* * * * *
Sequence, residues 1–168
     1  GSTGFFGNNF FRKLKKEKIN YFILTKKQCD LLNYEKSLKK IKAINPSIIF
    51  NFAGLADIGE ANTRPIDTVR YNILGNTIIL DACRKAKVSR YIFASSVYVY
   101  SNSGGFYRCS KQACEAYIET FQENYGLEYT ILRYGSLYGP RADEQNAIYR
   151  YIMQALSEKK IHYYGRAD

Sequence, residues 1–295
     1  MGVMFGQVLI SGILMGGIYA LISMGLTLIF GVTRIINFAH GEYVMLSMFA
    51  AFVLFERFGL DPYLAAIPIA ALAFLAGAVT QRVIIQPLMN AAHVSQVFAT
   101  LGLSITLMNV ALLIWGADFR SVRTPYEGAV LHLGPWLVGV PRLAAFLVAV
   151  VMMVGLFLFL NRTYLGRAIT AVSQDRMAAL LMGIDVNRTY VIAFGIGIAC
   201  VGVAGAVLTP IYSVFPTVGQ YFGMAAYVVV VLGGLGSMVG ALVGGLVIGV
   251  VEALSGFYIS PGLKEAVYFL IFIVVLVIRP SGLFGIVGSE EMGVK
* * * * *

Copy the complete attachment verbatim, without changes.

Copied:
Sequence, residues 1–168
     1  GSTGFFGNNF FRKLKKEKIN YFILTKKQCD LLNYEKSLKK IKAINPSIIF
    51  NFAGLADIGE ANTRPIDTVR YNILGNTIIL DACRKAKVSR YIFASSVYVY
   101  SNSGGFYRCS KQACEAYIET FQENYGLEYT ILRYGSLYGP RADEQNAIYR
   151  YIMQALSEKK IHYYGRAD

Sequence, residues 1–295
     1  MGVMFGQVLI SGILMGGIYA LISMGLTLIF GVTRIINFAH GEYVMLSMFA
    51  AFVLFERFGL DPYLAAIPIA ALAFLAGAVT QRVIIQPLMN AAHVSQVFAT
   101  LGLSITLMNV ALLIWGADFR SVRTPYEGAV LHLGPWLVGV PRLAAFLVAV
   151  VMMVGLFLFL NRTYLGRAIT AVSQDRMAAL LMGIDVNRTY VIAFGIGIAC
   201  VGVAGAVLTP IYSVFPTVGQ YFGMAAYVVV VLGGLGSMVG ALVGGLVIGV
   251  VEALSGFYIS PGLKEAVYFL IFIVVLVIRP SGLFGIVGSE EMGVK